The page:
Tuesday, June 17, 2008

A Picture Can Create a Thousand Words

In my previous post, I shared a handout from a workshop on Web 2.0 tools to support student achievement. Blogs and photos from photo sharing sites such as Flickr and Picasa are a great way to encourage students to write. Providing a word bank can allow students support with challenging vocabulary and it allows them to either copy by typing or cut and paste the text into their respones. Here is a example.

What do you see in this picture? What stage of the life cycle of a butterfly does this show? Use the word bank below to help you write your response.

adult larvae egg

butterfly chrysalis caterpillar

For more photos of the life cycle of the butterfly check out my Butterfly Album on Picasa

Monday, June 16, 2008

Here is the handout from my presentation at the IU 13 Conference in Lancaster, PA on June 17th.

Web 2.0 to Improve Student Achievement

Beth Poss


handout available at


Universal Design for Learning = Front loading for Flexibility = Digital Media = Access for All Students = Improved Student Achievement

What is a Blog?

As defined by
Wikipedia, "A blog (a portmanteau of web log) is a website where entries are commonly displayed in reverse chronological order. "Blog" can also be used as a verb, meaning to maintain or add content to a blog." ( Wikipedia) Essentially, a blog is an online journal that allows readers of the journal to offer comments and feedback.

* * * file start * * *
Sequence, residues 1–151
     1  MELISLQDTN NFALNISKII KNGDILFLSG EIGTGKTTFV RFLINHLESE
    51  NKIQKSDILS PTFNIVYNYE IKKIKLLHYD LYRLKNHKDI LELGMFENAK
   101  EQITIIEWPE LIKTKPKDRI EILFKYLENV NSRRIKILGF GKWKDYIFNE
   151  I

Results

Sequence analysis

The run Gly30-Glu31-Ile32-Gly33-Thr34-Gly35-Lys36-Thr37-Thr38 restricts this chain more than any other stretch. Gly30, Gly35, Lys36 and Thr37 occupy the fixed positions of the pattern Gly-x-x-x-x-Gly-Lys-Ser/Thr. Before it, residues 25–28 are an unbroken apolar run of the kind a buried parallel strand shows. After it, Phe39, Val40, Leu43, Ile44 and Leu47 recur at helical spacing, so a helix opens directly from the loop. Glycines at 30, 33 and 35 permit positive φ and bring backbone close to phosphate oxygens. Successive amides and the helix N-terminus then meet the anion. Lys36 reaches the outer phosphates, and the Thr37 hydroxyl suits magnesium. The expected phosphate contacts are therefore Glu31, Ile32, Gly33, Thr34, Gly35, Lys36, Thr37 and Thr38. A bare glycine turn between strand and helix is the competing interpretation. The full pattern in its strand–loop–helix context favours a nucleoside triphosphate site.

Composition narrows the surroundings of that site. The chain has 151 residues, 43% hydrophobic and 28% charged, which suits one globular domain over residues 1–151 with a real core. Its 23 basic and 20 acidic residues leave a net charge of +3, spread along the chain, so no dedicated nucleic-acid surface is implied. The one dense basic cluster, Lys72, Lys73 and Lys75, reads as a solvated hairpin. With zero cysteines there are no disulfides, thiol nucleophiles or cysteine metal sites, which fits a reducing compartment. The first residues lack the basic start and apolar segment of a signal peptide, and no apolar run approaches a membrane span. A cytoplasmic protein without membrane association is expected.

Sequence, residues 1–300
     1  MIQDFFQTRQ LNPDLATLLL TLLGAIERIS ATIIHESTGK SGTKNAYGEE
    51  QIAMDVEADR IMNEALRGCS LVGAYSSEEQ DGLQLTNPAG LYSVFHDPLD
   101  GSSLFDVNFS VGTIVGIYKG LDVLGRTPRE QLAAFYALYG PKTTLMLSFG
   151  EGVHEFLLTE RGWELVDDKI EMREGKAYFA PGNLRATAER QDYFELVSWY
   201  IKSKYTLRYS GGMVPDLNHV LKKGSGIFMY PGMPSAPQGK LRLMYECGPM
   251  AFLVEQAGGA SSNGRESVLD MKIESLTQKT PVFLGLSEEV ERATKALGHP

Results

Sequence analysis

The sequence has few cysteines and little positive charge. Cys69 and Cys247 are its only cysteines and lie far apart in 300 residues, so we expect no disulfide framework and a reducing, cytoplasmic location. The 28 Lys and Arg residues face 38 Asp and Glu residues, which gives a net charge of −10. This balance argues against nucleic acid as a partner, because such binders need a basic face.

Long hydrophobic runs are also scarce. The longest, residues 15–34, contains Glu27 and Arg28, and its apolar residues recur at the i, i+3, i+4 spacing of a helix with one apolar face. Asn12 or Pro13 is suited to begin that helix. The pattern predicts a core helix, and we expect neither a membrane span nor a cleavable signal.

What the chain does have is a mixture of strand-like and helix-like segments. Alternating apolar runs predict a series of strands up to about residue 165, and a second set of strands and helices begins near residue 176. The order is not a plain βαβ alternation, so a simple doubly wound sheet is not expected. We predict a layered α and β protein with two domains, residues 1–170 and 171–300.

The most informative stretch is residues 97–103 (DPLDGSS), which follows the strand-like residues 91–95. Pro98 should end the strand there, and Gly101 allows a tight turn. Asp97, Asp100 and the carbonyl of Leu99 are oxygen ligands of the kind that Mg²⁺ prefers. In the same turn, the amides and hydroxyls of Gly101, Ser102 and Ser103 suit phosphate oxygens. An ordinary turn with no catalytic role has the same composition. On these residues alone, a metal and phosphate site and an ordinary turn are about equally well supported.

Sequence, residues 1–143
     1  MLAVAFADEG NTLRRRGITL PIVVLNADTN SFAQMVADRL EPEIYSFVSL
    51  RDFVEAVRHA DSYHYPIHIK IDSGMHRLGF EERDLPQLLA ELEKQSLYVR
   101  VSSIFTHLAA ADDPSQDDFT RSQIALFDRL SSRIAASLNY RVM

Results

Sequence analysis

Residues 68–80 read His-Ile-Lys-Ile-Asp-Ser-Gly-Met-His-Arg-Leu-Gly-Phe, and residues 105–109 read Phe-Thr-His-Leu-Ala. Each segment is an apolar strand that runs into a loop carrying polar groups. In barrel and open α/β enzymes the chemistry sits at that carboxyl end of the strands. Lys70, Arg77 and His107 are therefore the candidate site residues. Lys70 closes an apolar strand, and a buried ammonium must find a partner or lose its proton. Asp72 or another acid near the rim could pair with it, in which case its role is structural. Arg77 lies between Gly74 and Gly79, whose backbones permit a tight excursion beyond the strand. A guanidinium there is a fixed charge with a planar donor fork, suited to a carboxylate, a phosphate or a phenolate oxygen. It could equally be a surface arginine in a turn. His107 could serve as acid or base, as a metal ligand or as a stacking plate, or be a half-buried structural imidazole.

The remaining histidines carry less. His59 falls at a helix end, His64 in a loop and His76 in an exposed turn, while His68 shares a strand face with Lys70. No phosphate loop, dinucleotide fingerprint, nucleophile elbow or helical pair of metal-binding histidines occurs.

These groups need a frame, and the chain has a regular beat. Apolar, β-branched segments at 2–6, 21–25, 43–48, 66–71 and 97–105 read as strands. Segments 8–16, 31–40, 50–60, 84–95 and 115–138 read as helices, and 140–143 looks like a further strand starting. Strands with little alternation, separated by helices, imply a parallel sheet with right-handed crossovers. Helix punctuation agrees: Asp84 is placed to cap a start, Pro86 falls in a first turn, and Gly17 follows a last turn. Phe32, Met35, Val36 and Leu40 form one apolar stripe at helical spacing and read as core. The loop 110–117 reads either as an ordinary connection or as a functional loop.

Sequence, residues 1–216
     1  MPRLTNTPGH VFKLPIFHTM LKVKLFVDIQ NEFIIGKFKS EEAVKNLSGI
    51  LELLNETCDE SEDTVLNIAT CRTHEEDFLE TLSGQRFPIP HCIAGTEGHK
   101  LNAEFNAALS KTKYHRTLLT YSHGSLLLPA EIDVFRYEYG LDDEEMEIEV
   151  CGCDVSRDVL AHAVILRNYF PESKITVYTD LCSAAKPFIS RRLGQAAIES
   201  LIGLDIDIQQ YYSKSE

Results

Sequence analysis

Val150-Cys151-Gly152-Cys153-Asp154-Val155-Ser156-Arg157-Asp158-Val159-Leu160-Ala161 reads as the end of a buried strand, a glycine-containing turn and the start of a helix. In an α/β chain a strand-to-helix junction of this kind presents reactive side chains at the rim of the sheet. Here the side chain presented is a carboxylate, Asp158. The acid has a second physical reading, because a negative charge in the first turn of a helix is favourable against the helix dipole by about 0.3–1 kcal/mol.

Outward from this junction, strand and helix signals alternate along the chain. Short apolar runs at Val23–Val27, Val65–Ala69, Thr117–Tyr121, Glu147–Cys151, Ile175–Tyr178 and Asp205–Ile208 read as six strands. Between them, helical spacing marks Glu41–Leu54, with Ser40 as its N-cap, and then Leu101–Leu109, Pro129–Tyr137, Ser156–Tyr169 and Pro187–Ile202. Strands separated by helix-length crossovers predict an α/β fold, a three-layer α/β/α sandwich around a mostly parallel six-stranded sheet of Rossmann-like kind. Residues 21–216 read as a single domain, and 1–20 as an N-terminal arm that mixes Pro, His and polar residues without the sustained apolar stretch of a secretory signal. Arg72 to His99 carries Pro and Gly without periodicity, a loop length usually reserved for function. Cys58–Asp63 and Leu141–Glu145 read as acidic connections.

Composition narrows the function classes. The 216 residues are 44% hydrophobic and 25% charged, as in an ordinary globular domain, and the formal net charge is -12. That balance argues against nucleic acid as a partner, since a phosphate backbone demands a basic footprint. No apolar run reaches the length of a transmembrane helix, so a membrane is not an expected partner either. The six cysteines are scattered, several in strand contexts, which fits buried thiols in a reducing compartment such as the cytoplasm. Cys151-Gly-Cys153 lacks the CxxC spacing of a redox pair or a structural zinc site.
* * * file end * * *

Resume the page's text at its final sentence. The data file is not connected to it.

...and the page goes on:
Blogging allows you to easily create a simple webpage that generally is a place to post your unique ideas and information that you think is of value to others. Other characteristics of weblogs include archives, a unique URL for each post (called a permalink), an RSS feed to syndicate the blog’s content, dated and time-stamped entries, the capability of the software to allow readers’ comments, and use of templates to assist in page design and layout. (See Parts of a Blog.)

Blogs have become very popular because they can be used in so many ways, from personal diaries to online portfolios to announcements to commentaries on politics and world events. They can be written, edited, and updated from any computer with Internet access at any time of the day or night. Through the ability to comment, readers of blogs can interact with the author, and with hot links, they can point to related sites and ideas. Blogs have become an accepted form of communication and a way to express and explore ideas. They give writers a public voice. In education, blogs have become a forum to encourage students to write and express their ideas while receiving feedback from teachers, their peers, and even the larger world, when a blog is made public.

One who blogs is a "blogger."

Blogs to check out:

Students Blogging





Teachers/Educators Blogging





What is a Wiki?

wiki is software that allows users to create, edit, and link web pages easily. Wikis are often used to create collaborative websites and to power community websites. These wiki websites are often also referred to as wikis." (Wikipedia) Wikis allow anyone to create or edit a website or webpages with little or no knowledge of hypertext markup language (html). Wikis and wiki pages can be password protected, however, to control who can edit. Wikis allow for collaboration on projects and promote ideas.